917 F2d 1065 Murdock v. Employers Insurance of Wausau

917 F.2d 1065

Dennis MURDOCK and Sharon Murdock, for themselves and as
parents and next friends of their minor child,
Shawn M. Murdock, Appellants,
UNITED STATES of America, Appellee,
Western Contracting Corporation, Appellee.

No. 89-2303.

United States Court of Appeals,
Eighth Circuit.

Submitted June 11, 1990.
Decided Oct. 24, 1990.

John R. Gibson, Circuit Judge, filed a dissenting opinion.

Denzel R. Busick, Grand Island, Neb., for appellants.

Steven A. Russell, Lincoln and Robert Grimit, Lincoln, Neb., for appellee.

Before LAY, Chief Judge, HEANEY, Senior Circuit Judge, and JOHN R. GIBSON, Circuit Judge.

HEANEY, Senior Circuit Judge.

view counter

Dennis Murdock was injured when a section of the Mirdan Canal collapsed upon him while he was working in an excavation adjacent to the canal. Murdock was employed by Western Contracting (Western) with whom the United States contracted to build the canal. Murdock and his family brought suit against the United States to recover damages, asserting that the United States--on notice that a hazardous situation existed--was negligent in failing to take adequate precautions to ensure a safe place to work. The district court entered judgment for the United States. We affirm in part, reverse in part, and remand for action consistent with this opinion.



In 1981, the Bureau of Reclamation (Bureau) contracted with Western for the construction of the Mirdan Canal in Nebraska, part of the Pick-Sloan Missouri Basin Program. The contract incorporated detailed specifications as well as administrative and statutory safety standards. The contract provided that the Bureau would continuously inspect construction activities to ensure compliance with the safety and health standards in paragraph 1.1.4 of the contract. Among these standards were the following:1


The contractor shall not require any laborer ... employed in the performance of the contract to work under conditions which are ... hazardous, or dangerous to his health or safety, as determined under construction safety and health standards promulgated by the Secretary of Labor under section 107 of the Contract Work Hours and Safety Standards Act (40 U.S.C. 327), as amended, and "Construction Safety Standards," published by WRPS (Water and Power Resources Service.)


. . . . .


"When violations of the safety and health requirements ... are called to the attention [of the contractor] by the contracting officer or his authorized representatives, the contractor shall immediately correct the condition...."


In the event the contractor fails or refuses to promptly comply with the compliance directive ..., the contracting officer or his authorized representative may issue an order to stop all or any part of the work.


Paragraphs 1.1.4a, d and e.

view counter

In 1982, early in the construction phase of the project, James Pinkman, Western's senior construction employee, approached Robert McClure, the Bureau's senior construction official, with a proposal that Western be allowed to erect the unreinforced concrete lining of the canal before erecting the abutments for road bridges which would cross over the canal. The canal lining would be supported by the surrounding soil. McClure expressed concern to Pinkman that erecting the canal before the abutments might prove hazardous because significant areas adjacent to the canal would have to be excavated to allow for the abutments. He noted that this procedure would result in undercutting the soil foundation of the canal lining, thereby exposing unreinforced cement to collapse. In order to ensure against collapse, McClure stated that it "will probably be all right but you need to cut off part of that curb to reduce the weight of the overhanging lining." Transcript at 469-70; Deposition of McClure at 26. "Chipping off" the curb and top two or three feet of canal lining became the standard practice at excavation sites throughout the project.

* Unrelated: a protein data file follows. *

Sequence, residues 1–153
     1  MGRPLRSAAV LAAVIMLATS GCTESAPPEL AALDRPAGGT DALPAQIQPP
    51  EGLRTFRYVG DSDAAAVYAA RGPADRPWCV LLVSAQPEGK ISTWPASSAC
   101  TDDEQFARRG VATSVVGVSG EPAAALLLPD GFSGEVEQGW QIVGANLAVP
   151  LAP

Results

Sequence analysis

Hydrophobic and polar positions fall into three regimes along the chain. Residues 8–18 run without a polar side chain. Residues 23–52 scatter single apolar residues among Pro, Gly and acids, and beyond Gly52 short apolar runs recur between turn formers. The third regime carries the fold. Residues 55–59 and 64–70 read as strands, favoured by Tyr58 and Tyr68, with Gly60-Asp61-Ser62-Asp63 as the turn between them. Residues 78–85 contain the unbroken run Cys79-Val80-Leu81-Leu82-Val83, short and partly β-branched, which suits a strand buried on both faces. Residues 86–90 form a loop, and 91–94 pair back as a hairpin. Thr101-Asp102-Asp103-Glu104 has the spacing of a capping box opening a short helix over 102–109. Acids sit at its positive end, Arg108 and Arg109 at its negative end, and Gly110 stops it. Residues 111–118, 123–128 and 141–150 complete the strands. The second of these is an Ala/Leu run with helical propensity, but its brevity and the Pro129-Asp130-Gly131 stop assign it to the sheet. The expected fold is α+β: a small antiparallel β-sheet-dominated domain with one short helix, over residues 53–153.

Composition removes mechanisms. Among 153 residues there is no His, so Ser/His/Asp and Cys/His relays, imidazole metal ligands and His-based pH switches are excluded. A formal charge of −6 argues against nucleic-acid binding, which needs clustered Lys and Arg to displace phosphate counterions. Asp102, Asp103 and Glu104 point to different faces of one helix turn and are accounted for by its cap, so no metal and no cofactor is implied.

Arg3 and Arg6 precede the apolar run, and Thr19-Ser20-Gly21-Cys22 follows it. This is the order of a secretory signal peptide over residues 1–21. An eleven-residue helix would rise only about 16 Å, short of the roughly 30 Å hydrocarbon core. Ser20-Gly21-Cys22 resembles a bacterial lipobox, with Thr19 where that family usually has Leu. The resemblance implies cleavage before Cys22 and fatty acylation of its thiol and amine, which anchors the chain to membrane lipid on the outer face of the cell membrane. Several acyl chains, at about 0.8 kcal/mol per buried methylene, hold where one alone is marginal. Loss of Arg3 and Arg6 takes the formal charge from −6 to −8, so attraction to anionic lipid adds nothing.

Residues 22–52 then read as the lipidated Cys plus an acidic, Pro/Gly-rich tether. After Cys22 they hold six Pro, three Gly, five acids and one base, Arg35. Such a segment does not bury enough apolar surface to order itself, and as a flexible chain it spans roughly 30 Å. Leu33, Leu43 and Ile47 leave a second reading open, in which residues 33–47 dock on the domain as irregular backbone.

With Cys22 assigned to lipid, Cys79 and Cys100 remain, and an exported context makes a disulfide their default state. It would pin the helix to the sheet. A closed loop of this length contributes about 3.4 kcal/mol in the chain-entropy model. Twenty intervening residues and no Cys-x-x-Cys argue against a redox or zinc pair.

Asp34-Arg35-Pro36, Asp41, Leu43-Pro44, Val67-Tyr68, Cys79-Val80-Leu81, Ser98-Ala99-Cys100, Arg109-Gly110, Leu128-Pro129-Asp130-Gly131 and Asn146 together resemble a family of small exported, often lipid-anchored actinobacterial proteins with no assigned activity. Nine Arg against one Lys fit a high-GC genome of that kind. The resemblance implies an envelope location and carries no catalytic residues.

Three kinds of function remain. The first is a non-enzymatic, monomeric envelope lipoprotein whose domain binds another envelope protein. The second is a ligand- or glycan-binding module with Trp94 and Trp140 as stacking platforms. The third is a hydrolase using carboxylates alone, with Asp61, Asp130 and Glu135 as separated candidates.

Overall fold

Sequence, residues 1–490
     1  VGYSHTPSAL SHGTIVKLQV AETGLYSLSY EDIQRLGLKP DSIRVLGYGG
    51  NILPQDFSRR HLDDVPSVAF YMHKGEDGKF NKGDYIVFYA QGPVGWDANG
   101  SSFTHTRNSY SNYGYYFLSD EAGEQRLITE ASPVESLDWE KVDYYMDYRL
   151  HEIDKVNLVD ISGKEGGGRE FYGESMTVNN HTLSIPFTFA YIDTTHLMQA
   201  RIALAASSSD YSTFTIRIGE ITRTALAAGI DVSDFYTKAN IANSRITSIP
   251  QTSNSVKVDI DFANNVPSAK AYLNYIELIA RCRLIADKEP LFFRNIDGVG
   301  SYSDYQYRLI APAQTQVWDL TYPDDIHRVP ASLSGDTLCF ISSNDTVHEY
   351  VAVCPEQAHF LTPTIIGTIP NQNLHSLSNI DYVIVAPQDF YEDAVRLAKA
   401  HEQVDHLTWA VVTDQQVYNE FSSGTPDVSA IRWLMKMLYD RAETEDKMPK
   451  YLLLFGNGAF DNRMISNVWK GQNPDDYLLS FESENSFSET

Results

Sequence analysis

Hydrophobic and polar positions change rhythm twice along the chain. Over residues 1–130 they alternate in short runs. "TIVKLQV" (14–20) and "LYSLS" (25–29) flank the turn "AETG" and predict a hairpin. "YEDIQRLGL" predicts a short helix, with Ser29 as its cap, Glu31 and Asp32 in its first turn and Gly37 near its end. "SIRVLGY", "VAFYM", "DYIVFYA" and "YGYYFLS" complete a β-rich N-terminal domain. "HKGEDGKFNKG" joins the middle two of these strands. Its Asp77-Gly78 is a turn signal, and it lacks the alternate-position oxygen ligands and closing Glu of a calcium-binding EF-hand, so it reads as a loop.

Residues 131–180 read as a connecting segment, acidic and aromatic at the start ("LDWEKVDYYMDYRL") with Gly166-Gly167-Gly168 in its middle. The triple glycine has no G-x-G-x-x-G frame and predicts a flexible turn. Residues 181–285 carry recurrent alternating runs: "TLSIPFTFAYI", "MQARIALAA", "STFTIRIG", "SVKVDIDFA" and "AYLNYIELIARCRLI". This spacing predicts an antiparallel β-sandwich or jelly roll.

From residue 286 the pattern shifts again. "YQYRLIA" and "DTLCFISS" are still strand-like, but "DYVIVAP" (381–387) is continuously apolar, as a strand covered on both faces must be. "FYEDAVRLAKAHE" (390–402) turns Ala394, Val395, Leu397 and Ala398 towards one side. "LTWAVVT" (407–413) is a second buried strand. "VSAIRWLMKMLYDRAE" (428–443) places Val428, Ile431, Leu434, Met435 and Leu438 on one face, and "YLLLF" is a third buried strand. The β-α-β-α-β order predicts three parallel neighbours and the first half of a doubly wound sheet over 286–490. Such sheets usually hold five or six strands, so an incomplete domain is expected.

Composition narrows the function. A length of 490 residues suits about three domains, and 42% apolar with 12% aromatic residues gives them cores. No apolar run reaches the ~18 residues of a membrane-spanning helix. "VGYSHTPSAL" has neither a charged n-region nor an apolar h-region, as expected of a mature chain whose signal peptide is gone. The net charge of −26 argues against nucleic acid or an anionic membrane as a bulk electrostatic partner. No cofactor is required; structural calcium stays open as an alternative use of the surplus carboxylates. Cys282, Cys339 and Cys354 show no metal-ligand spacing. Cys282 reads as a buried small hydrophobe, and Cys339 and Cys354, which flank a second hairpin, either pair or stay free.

The contract required that a bridge be built at Station 372+74. In early summer 1985, an 82-foot long excavation was dug to facilitate the construction of the bridge. The canal lining was left uncut. Pursuant to the contract, the excavation was partially refilled and compacted. On June 12th during the day shift, the foreman for Western, Rick Everist, directed workers to re-excavate the site because the site failed a density test. They did so to a depth of approximately 12 to 14 feet, some four feet deeper than required by the contract.


Mark Sintek, a Bureau safety inspector, testified that on June 12th he was at the station twice in the morning and twice in the afternoon. He stated that when he last visited the site during the afternoon, the only equipment in the area was a front-end loader; that the dirt slope from the top of the canal lining wall to the bottom of the excavation area was at an angle of repose of anywhere from one-half to one to one to one; that no more than two feet of the canal wall were exposed; that he knew the concrete lining was unreinforced; that no hand-held soil compactors, "Whacker-Packers," were present at the site; that he told Everist that further excavation of the site was unnecessary; that he told Richard Schwisow, Supervisory Construction Inspector, that the excavation was deeper than necessary; that he was aware that a night shift was working on June 12th; and that some soil compacting work had been done by that shift. He stated, however, that he drove by the site at 7:00 p.m. and observed no activity. He finally testified that he was authorized to call Western's attention to safety violations and to stop all or part of the work if he deemed there to be a safety problem on the job. In a report filed the day after the accident, Sintek stated: